DEAR ABBY: I am an obese woman. I like the way I look and feel, so why can't other people accept me the way I am? I admit I am about 75 pounds overweight. I've tried all kinds of diets, diet doctors, fat farms, exercise classes - but nothing works for me. The weight comes off, but it doesn't stay off.
I work for a company that requires uniforms, so when I went to be measured for my uniforms, they had a man there doing the measuring. First he asked me to try on a jacket. It was very snug, so the man said, "Gee, lady, you really should do something about all that fat!" I love my job - that's why I chose to write to you instead of reporting that rude man to management.I like myself the way I am. Being fat protects me from being raped, chased by dirty old men and getting AIDS because men aren't interested in fat women. So please ask people to lay off fat women. - HAPPY WITH MY SIZE
DEAR HAPPY: If you're really happy with your size, you have no problem.
People who make personal remarks about other people (too fat, too thin, too short, too tall, etc.) are rude. Ignore them.
Being fat does not protect you against being raped or chased by dirty old men - or dirty young men, for that matter.
I applaud you for accepting yourself as you are. There are others who share your attitude. They are members of the National Association to Advance Fat Acceptance - NAAFA. I have seen their newsletter. It's filled with pictures of good-looking, confident men and women attired in evening clothes, sportswear and swim suits - having fun, just being themselves with not even a hint of self-consciousness.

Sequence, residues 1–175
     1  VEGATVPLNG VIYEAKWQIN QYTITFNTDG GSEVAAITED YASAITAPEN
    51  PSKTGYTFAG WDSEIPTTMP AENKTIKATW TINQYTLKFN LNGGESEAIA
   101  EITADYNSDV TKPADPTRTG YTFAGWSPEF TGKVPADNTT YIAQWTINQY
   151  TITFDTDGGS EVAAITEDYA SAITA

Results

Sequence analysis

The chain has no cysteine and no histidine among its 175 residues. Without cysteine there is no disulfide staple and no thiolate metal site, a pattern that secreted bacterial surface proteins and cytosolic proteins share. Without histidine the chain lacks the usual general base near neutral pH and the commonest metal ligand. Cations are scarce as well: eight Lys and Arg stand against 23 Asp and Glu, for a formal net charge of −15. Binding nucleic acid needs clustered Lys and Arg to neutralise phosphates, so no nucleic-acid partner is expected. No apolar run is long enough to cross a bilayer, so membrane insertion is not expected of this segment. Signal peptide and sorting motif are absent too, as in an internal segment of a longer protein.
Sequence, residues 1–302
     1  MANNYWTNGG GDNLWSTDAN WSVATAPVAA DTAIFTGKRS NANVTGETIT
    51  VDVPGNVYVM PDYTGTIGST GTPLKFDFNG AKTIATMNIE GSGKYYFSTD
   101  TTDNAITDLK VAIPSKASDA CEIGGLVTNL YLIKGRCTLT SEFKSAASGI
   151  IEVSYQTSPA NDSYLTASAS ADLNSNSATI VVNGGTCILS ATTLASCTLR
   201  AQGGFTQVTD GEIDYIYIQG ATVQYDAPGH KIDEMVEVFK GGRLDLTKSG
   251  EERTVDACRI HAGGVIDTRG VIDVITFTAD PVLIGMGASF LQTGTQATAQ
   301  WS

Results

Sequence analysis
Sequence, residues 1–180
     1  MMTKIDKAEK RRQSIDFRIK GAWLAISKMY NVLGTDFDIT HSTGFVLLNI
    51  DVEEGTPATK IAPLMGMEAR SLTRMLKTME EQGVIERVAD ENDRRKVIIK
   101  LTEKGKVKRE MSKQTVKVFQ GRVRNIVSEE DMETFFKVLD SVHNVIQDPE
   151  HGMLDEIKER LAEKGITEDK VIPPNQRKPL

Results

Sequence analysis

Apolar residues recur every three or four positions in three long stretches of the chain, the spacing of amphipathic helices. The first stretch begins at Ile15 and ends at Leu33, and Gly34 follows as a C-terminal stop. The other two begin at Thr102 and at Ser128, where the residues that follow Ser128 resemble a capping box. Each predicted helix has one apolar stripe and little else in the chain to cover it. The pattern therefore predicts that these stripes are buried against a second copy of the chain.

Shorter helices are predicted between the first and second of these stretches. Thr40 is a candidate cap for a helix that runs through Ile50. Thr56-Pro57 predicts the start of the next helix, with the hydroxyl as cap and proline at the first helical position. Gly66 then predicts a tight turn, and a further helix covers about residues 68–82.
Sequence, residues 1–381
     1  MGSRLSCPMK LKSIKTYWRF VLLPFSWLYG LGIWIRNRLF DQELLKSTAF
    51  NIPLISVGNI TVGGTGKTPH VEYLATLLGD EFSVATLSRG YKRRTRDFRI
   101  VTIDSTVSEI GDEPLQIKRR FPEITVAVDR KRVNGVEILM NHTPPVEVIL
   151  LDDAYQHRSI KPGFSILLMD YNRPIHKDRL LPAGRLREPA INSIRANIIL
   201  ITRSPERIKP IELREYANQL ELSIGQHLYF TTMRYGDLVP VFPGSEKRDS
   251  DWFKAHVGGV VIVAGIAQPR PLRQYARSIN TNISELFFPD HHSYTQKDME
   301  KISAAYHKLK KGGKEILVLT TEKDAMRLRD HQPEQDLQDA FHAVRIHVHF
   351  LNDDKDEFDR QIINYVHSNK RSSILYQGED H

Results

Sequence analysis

NAAFA is dedicated to improving the quality of life for fat men and women everywhere through education, research, advocacy and support. The organization is a godsend to people who are tired of being discriminated against because of their size.
For information about this national organization, write to NAAFA, P.O. Box 188620, Sacramento, CA 95818. It is a well-established, legitimate, non-profit organization, so please enclose a self-addressed, stamped envelope.
DEAR ABBY: On Dec. 14, my husband and I were having dinner in a nice restaurant in Bakersfield, Calif. Across from us, at a table for two, a nice-looking, middle-aged man was sitting alone. We exchanged several friendly glances, and as he was leaving, he paused at our table, smiled, and said, "Good night." We replied in kind. A short while later, our waitress came to our table and told us that the gentleman who had just left had paid for our cocktails, steak dinners, wine, the tip - everything! She then added, "He asked me not to tell you until after he left."
We were speechless! What a lovely holiday surprise. We have no idea why a total stranger would want to treat us. Have you?
If that gentleman reads your column, we want him to know that we donated the money we would have spent at that restaurant to our favorite charity. - JOHN AND AUDREY IN BAKERSFIELD
DEAR JOHN AND AUDREY: I, too, am wondering why the gentleman wanted to treat you anonymously. It's possible that he was lonely dining alone, and after having exchanged several friendly glances, he had hoped you might invite him to join you.
Or maybe he just liked your looks and is the kind of person who enjoys treating people anonymously.
By popular request, Abby shares more of her favorite prize-winning, easy-to-prepare recipes. To order, send a long, business-size, self-addressed envelope, plus check or money order for $3.95 ($4.50 in Canada) to: More Favorite Recipes by Dear Abby, P.O. Box 447, Mount Morris, Ill. 61054. (Postage is included.)